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Chamomile

By Melissa G. Marko, PhD, Senior Clinical Scientist, Nestle Nutrition ; Ara DerMarderosian, PhD, Professor Emeritus of Biology and Pharmacognosy, University of the Sciences

The daisy-like flower of this herb is dried and used as tea or in a capsule or extract.

Medicinal claims

People most often take chamomile as a mild sedative or antidepressant, and the tea is said to reduce inflammation and fever. People sometimes take chamomile by mouth to relieve stomach cramps and indigestion or apply a compress of chamomile extract to soothe irritated skin.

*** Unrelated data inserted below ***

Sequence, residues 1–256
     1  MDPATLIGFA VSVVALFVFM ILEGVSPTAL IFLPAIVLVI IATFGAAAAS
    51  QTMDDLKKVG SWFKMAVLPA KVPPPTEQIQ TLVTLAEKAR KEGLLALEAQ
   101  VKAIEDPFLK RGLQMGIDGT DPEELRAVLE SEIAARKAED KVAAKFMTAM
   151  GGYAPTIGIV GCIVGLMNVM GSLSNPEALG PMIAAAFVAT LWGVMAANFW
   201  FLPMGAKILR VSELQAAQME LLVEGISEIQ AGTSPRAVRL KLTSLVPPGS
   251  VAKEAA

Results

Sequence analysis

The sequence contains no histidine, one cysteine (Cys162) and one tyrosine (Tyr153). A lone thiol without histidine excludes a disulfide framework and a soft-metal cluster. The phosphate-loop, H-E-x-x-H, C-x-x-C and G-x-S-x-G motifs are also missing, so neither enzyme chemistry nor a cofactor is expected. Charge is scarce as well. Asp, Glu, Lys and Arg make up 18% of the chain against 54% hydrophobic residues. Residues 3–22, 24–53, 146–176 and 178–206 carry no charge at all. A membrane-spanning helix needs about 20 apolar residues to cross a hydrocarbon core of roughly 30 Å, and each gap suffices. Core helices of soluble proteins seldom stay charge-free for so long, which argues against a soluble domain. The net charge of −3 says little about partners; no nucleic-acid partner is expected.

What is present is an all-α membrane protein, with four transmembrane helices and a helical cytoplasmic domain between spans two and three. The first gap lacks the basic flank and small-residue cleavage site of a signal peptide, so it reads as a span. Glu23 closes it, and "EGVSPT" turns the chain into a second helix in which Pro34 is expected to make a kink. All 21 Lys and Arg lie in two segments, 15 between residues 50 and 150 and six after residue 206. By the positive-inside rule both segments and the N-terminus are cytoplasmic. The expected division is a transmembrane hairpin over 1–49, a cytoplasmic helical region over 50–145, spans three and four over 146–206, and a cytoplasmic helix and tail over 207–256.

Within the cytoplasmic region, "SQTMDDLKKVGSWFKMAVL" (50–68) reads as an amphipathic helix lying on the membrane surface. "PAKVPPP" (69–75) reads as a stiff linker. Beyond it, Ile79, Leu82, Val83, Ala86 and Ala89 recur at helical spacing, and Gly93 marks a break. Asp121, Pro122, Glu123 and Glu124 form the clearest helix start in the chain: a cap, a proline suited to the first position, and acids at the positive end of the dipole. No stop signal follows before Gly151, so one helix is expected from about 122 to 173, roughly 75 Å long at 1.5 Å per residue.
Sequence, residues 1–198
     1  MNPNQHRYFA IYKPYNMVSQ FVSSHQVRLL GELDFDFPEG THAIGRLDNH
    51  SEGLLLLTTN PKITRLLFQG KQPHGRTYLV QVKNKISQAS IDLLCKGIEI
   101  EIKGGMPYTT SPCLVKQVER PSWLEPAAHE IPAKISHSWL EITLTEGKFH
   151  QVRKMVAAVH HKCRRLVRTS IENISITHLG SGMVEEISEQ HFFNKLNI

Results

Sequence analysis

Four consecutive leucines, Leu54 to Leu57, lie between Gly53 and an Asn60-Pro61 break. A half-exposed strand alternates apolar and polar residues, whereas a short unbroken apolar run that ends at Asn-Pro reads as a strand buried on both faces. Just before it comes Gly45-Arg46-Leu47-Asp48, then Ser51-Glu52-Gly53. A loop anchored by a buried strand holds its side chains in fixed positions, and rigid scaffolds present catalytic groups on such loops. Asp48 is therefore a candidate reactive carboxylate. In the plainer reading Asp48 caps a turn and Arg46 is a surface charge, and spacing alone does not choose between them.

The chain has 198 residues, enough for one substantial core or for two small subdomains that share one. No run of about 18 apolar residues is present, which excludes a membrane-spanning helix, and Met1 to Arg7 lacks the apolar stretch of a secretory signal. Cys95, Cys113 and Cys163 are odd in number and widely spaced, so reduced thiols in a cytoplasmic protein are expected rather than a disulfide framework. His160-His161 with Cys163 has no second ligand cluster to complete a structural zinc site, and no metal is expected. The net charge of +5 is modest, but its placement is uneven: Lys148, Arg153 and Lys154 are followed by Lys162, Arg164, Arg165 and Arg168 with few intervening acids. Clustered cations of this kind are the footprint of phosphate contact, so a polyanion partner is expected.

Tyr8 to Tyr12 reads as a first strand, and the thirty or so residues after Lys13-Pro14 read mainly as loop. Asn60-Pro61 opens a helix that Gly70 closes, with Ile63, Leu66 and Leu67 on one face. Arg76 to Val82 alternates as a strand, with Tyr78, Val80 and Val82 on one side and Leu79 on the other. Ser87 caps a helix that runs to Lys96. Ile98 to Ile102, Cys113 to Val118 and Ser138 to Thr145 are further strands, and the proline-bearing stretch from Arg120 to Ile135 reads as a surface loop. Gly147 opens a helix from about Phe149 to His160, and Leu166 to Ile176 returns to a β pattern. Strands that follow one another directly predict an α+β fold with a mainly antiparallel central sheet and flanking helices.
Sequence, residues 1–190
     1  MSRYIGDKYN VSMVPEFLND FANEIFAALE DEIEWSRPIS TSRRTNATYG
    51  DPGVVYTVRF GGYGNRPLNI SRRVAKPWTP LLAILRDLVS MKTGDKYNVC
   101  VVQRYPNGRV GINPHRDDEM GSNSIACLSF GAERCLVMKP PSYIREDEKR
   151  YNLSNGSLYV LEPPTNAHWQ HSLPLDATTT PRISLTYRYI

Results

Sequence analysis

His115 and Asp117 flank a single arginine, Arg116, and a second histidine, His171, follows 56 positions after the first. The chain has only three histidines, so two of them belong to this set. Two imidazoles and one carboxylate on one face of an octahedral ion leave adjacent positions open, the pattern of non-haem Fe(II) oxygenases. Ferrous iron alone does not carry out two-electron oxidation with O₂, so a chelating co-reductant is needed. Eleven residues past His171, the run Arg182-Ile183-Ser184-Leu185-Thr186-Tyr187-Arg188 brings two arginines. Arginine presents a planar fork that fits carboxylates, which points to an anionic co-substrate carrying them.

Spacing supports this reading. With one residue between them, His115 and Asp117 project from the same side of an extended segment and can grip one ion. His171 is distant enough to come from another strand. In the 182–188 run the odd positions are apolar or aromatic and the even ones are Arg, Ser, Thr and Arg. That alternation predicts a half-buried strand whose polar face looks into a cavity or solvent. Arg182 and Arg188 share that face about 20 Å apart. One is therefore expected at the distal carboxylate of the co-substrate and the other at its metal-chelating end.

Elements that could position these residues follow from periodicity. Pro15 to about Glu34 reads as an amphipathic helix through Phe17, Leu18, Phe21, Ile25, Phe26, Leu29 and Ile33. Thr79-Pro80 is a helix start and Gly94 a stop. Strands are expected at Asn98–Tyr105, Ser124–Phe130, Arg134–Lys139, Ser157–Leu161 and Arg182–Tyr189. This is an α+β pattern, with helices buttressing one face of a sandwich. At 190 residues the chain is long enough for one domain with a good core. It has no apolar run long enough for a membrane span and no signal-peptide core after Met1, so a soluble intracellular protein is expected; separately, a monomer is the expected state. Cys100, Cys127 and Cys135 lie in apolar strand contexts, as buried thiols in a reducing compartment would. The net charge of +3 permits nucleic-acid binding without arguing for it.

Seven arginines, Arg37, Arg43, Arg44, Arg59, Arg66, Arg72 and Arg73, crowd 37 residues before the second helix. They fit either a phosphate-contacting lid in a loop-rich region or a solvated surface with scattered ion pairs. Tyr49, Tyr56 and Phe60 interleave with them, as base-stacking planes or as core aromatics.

Possible side effects

Chamomile is generally considered safe. The most likely side effect is an allergic reaction, especially in people who are allergic to ragweed or sunflowers. Allergic reactions may include skin irritation, itchy eyes, sneezing, and runny nose. People very rarely have a severe and life-threatening allergic reaction (anaphylaxis). In high doses, chamomile may lead to drowsiness, sedation, and vomiting.

Possible drug interactions

Chamomile may reduce the absorption of drugs taken by mouth. Chamomile may also increase the effects of drugs that prevent blood clots (anticoagulants) and sedatives (including alcohol) and decrease the absorption of iron supplements.

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